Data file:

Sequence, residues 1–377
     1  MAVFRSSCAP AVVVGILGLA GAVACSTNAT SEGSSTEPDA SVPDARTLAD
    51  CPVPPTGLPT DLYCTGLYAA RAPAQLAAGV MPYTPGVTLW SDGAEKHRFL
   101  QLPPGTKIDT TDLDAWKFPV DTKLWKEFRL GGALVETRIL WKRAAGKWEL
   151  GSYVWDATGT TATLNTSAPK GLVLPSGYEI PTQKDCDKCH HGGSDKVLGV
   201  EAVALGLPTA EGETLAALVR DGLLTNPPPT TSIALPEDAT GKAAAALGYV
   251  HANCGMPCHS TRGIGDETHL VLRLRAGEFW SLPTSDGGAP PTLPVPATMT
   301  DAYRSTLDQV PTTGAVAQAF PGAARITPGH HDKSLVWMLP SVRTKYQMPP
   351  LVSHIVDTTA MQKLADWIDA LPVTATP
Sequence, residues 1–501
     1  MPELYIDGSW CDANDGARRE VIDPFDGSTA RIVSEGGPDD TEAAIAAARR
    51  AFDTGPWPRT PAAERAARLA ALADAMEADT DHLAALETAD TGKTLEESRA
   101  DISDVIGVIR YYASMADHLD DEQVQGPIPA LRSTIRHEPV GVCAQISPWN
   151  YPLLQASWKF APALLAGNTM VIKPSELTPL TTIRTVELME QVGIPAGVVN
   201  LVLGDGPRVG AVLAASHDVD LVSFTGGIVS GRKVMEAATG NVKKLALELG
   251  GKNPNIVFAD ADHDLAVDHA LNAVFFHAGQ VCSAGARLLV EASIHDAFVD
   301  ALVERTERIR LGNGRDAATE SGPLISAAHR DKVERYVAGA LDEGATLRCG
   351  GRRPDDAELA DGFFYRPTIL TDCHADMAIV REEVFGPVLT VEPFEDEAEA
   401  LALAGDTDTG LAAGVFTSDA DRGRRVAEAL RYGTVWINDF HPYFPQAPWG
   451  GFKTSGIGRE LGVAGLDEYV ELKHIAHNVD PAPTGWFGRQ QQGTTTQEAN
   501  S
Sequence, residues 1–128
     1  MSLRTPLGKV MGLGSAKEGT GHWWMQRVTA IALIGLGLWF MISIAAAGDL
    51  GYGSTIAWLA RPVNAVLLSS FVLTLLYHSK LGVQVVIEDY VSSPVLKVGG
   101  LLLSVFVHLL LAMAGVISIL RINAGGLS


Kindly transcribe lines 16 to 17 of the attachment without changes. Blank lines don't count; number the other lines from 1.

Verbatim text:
   251  GKNPNIVFAD ADHDLAVDHA LNAVFFHAGQ VCSAGARLLV EASIHDAFVD
   301  ALVERTERIR LGNGRDAATE SGPLISAAHR DKVERYVAGA LDEGATLRCG